Microsoft Teams now has more than 13 million daily users.
Microsoft today released new usage metrics for its Slack rival, with the software company announcing that the service also has 19 million weekly active users.
Slack in January this year announced its service had surpassed 10 daily active users. (The company’s Q1 results revealed that as of 30 April it had more than 95,000 paid customers worldwide.)
Microsoft Teams is available in 52 languages and 181 markets.
The company used its Inspire 2019 partner conference to announce a range of enhancements to the product, including a feature that will allow time-sensitive notifications to be sent.
Microsoft said that workplaces such as a hospital or newsroom could benefit from the new feature, which will send a reminder every two minutes (for up to 20 minutes) until a response is received. The company is adding a read receipt icon to messages.
A new Time Clock feature will allow employees to clock in and out of work shifts and break from their mobile app. Support for geo-fencing means that an employee may be required to be at a designated location before clocking in.
Teams now also supports messages sent to all people with a particular role.
Microsoft Teams launched in 2017. In March Microsoft made the product available to Office 365 subscribers on Business Essentials, Business Premium and Enterprise plans, and then in July 2018 launched a launched a free version that didn’t require a subscription.
Earlier this year Slack announced it was boosting support for Microsoft's Office 365, including features to integrate Outlook Calendar, import and search files stored on OneDrive, launch Skype calls, and send emails to Slack from Outlook.
Slack made its public trading debut last month. In the quarter ended 30 April it enjoyed revenue of US$134.8 million, up 67 per cent year-on-year. Paid customers with greater than $100,000 in recurring revenue was up 84 per cent year-on-year to 645, the company revealed.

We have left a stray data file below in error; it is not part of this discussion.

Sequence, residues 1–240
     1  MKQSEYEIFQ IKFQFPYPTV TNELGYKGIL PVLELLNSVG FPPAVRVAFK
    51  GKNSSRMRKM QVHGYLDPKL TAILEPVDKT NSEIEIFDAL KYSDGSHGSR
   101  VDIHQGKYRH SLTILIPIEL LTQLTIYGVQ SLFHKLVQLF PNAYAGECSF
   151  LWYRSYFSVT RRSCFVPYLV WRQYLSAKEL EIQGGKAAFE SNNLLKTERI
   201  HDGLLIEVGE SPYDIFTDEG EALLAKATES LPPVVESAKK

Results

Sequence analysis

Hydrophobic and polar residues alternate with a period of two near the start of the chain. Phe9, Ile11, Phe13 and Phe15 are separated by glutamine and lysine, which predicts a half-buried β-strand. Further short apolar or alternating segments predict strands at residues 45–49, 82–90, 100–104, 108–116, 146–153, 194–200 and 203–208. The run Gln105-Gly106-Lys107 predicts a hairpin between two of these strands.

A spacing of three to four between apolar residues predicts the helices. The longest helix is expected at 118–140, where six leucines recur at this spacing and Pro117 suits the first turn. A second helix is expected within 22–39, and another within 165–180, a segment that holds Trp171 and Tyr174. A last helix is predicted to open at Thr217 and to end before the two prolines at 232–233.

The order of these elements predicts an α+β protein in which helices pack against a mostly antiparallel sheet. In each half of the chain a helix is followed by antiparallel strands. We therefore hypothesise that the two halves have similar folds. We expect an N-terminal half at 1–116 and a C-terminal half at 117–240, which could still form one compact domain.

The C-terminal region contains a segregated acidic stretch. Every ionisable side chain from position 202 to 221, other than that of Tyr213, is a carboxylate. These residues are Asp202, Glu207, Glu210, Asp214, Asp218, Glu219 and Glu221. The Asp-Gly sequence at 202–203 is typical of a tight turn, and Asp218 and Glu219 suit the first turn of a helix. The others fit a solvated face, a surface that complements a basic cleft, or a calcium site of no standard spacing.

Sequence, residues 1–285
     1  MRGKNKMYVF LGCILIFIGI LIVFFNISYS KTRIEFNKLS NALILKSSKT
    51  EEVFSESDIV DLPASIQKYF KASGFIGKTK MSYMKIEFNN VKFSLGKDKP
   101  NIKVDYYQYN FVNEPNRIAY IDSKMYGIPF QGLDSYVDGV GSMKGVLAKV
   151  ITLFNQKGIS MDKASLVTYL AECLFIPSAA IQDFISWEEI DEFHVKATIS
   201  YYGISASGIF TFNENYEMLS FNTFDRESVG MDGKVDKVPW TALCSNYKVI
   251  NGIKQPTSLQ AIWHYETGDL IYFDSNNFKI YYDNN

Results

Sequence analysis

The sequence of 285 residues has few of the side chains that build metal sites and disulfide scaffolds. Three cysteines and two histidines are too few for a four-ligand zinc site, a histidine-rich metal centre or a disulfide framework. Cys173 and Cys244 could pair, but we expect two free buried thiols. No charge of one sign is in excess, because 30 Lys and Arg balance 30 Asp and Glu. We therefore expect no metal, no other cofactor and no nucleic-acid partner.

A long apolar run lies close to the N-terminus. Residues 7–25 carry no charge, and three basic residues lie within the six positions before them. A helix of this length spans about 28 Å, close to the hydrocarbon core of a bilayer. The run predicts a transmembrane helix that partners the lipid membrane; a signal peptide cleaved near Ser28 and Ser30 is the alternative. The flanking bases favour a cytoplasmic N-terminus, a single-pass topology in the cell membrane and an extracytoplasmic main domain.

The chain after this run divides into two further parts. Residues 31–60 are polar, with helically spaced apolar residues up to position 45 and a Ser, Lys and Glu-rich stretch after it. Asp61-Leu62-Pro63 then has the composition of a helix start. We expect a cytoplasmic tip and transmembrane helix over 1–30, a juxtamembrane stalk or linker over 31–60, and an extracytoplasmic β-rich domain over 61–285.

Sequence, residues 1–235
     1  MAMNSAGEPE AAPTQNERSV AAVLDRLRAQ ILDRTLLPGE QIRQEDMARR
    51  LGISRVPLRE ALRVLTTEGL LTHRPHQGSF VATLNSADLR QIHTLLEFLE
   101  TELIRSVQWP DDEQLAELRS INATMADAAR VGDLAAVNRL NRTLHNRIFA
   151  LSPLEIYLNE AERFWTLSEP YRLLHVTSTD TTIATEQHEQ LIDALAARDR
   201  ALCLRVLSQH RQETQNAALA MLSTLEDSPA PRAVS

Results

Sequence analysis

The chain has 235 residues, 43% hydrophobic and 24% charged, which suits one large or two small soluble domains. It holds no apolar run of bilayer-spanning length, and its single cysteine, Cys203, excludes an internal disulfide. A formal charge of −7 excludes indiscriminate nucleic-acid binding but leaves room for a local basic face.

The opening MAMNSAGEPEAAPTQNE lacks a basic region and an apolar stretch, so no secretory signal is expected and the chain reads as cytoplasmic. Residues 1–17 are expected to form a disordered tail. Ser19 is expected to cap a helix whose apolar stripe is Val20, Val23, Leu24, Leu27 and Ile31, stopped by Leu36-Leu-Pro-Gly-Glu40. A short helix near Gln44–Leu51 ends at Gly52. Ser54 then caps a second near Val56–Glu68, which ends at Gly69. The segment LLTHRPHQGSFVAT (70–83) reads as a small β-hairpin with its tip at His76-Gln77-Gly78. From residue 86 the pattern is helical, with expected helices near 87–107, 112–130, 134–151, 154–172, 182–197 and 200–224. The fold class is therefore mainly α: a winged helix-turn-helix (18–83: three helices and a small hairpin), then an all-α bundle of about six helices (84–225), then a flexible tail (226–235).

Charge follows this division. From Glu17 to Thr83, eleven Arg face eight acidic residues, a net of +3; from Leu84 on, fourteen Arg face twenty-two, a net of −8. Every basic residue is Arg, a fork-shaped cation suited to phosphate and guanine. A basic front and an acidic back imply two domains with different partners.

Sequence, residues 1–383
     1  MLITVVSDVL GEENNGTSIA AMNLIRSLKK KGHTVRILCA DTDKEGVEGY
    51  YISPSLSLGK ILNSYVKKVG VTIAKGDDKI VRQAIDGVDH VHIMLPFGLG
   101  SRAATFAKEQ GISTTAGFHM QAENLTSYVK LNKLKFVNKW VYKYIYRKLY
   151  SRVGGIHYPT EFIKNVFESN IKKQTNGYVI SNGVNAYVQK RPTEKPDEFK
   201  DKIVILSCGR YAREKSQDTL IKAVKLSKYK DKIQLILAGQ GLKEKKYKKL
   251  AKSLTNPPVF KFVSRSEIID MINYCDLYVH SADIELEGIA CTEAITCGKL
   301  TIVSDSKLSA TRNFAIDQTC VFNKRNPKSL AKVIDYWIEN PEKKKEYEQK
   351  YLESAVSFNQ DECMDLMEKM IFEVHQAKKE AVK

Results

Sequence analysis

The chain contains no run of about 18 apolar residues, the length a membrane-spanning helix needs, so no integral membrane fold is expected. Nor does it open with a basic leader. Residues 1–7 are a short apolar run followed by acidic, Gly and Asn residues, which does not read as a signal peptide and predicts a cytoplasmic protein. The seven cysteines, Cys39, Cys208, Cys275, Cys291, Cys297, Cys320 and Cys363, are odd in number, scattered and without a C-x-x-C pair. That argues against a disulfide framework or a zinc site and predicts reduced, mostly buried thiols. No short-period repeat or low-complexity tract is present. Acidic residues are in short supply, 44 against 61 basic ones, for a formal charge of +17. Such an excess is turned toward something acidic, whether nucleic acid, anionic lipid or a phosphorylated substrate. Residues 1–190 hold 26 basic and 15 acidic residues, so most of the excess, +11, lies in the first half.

New support for Azure migration
The suite of Inspire announcements also included the impending launch of Microsoft’s Azure’s Migration Program (AMP). AMP, which will debut next week, will offer “prescriptive guidance and tools customers need for a path to the cloud from start to finish,” Microsoft Azure corporate vice president Julia White wrote in a blog entry.
AMP bundles “curated, step-by-step guidance” for migrating to Microsoft’s cloud services, free migration tools, and technical skill building through a range of courses.
Microsoft expands AI for Good
‘AI for Cultural Heritage’ has been announced as the newest component of Microsoft’s US$125 million ‘AI for Good’ program. AI for Cultural Heritage will support the use of artificial intelligence to “help preserve and celebrate people, languages, places and historical artifacts around the world.”
The company in mid-2017 launched AI for Earth and in May 2018 AI for Accessibility. In September 2018, Microsoft announced ‘AI for Humanitarian Action’.
AI for Good involves a combination of grants and partnerships for organisations working in the relevant area.